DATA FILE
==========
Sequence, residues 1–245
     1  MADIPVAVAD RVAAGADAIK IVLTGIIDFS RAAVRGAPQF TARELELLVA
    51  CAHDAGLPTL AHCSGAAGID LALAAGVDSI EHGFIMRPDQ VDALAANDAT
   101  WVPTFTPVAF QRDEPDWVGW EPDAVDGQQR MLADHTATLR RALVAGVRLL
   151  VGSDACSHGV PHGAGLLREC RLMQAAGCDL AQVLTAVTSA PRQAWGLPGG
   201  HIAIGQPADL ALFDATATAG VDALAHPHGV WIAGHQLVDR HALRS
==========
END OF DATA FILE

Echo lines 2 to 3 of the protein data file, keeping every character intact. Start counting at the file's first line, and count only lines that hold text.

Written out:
     1  MADIPVAVAD RVAAGADAIK IVLTGIIDFS RAAVRGAPQF TARELELLVA
    51  CAHDAGLPTL AHCSGAAGID LALAAGVDSI EHGFIMRPDQ VDALAANDAT